The BLS August 2010 report noted the widely reported 12-month percent changes in CPI as 1.1% and 0.9% for all items and all items less food and energy, respectively. This has prompted much discussion about disinflation and even some fear of outright deflation. But a closer look at the numbers is revealing. One will note shelter represents nearly 1/3 (32.289%, to be exact) of the weight of the index. Notably, the 12-month percent change in shelter was -0.7%. The BLS calculates that the 12-month percent change in all CPI items less shelter is 2.0%.
    So why is this distinction important? It seems the vast majority of economists agree that housing is priced far more fairly now than in recent years. Therefore the subcategories that make up shelter (owners’ equivalent rent of residences, rent of primary residence, lodging away from home, and tenants’ and household insurance) in general are more fairly priced today. The distinction is important because one cannot simply say that we are trending towards deflation if the main component of the CPI suggesting this conclusion is shelter. Housing/shelter and all of the financing and shadow banking forces that played into it was the predominant bubble that has now almost fully become deflated to normal. Housing prices, though may fall a bit more, have likely nearly reached bottom. Thus, to get a good idea of the future, excluding shelter from the last year is important at this point in time.
    This weakens the argument of those who accuse the Federal Reserve of violating it’s “Dual Mandate” on both accounts. With 2.0% inflation, using all CPI items less shelter, the Fed seems to make good on its principle of maintaining a low and stable inflation rate. However, skeptics are undoubtedly still correct that the Fed is falling fall short of its mandate of maximizing employment. Even if one believes that 2.0% inflation (all items) will become the new trend, there is something to be said for attempts to nudge this a bit higher in an effort to lower our disproportionately high unemployment.

  6. Adam

    Okay – the Fed has the price stability part of their charter figured out (interest rate targeting). Now let’s see them focus on the second part of their charter – full employment.
    Oh wait there are some economists that think 10% unemployment is full employment. Blah!
    The only way to get out of this mess is for the people to get out of debt – the only way to do this is to trade debt for equity. Payroll tax holiday!!

  7. MarkS

    FED policy will, as they say, be to keep interest rates as low as possible for the extended future, in order to prevent a total blow-out of the credit market (large-scale deflation)… They also will support more (non-performing)asset purchases (QE) as necessary to support the banking system… And they will continue to use asset income to purchase more banking assets (to further juice-up the stock market).
    I believe that the FED “gets it”… I.E. it knows that the credit market exposure of America has to be reduced. I also believe that their choice is to “manage” the deflation of credit (money) over a very long time (like Japan). 2% inflation (the population growth rate into the labor market), can only be supported when enough debt has been wiped-out to service existing credit, and the banking system has de-leveraged enough to restore safe capital ratios.
    You can judge the length of time it will take to “right the ship”, by the BIS schedule for Basel III compliance… At least SEVEN MORE YEARS…. If you want a taste of hyper-inflation, I suggest that you move to Buenos Aires

  8. don

    I’m more in agreement with psummers’ assessment of the paragraph in question than with yours. I can see nothing in it that indicates the Fed will be looser when inflation reaches acceptable levels.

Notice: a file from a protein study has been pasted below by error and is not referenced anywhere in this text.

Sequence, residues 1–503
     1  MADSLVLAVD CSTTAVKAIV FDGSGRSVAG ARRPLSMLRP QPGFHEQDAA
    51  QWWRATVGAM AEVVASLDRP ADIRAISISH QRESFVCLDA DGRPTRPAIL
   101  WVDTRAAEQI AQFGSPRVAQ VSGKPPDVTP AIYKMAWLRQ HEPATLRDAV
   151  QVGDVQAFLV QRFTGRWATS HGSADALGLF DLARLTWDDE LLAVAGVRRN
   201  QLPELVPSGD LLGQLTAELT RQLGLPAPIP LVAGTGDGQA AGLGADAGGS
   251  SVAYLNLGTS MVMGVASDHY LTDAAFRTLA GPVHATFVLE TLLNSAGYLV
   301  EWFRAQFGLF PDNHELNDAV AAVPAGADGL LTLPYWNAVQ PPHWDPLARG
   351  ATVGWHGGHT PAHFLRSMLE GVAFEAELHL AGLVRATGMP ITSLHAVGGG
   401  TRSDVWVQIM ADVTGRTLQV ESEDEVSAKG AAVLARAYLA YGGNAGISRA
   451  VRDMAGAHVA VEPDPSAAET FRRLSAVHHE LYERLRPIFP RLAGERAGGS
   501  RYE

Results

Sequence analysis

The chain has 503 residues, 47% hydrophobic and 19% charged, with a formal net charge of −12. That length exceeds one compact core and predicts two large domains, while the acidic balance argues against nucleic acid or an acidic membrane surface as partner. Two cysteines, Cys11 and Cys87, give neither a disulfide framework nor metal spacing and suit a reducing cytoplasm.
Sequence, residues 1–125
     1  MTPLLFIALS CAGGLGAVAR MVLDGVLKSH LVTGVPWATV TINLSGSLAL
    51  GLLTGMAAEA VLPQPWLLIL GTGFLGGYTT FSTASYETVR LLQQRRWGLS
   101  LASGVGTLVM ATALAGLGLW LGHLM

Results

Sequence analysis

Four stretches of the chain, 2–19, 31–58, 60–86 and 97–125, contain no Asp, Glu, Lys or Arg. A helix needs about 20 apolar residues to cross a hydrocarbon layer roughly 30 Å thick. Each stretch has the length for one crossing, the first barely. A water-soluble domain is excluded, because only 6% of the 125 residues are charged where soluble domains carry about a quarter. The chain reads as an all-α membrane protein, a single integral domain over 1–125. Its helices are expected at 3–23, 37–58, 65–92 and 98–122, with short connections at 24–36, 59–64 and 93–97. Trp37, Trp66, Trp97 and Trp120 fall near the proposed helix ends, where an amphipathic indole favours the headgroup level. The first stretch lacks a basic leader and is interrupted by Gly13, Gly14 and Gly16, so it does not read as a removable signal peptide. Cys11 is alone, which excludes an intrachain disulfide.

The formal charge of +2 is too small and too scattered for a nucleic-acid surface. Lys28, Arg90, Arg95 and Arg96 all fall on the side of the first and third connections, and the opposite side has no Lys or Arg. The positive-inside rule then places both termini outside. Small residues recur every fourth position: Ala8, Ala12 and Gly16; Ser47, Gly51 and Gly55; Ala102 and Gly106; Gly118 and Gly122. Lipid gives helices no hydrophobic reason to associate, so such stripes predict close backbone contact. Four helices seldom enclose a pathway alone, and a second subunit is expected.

But since we’re all reading tea leaves, how about the following interpretation? The Fed is aware that there is a very good chance that they won’t be able to prevent deflation. They don’t want to say that much now (which could have disastrous consequences), but when mild deflation comes, they can modify this statement and at the same time imply “All part of the plan, folks. No need to worry. We anticipated this, as we said earlier, but eventually inflation will return to acceptable (positive) levels.” In that way, they may be able to prevent some of the psychological damage (and avoid being pushed into catastrophic actions) when inflation passes the zero mark going down.
    The expected path of future short-term rates must equal the long term rate. But there is uncertainty about the path of future of short term rates, and the actual implied path is set by those willing to bet on the market. If someone is willing to bet enough that the path is different from that set by ex-ante expectations of others, he can certainly alter the ‘revealed’ expected path. Surely, Gauti can’t be asserting that this is not possible?
    If the Fed had a profit motive, its actions in longer-term markets should influence expectations of the future path of short-term rates, since the Fed has the power to set those rates. But it has no profit motive, and I can’t see how its actions in long-term markets should alter the ex-ante expectations about the future path of short-term rates. So, there is a chance to bet against the Fed. Is Gauti assuming that the Fed can’t overcome such bets?

  9. Andy Harless

    I’m really puzzled that everyone is reading so much into the Fed’s statement. The quoted passage is merely a statement of what we already knew to be true. We’ve seen the Fed’s long-range projections, and we knew that they were meant to be interpreted as targets, so we knew that the Fed’s target was near 2%. We’ve seen the Fed’s short-range forecasts, and we can see that they are below the target. It’s not clear to me how this statement should change our expectations at all, except maybe to give us a little bit more confidence in what we already expected. Apparently this passage is actually some kind of secret code that certain economists and Fed watchers know how to interpret, but they don’t seem to agree on the correct interpretation.

  10. Tom

    It was both a clear signal of the Fed’s readiness to start monetizing part of the deficit near-term, and a clear statement that the Fed wants a long-term inflation rate higher than current levels. You’re far from the first to notice the latter, by the way – see for example Gavyn Davies.

  11. Jeff

    I agree with Andy. Instead of reminding us of the days when we could get secret decoder rings in our cereal and Cracker-Jack boxes, the Fed should just say what it means in plain English. Is the ambiguity meant to avoid accountability?

  12. fxretracer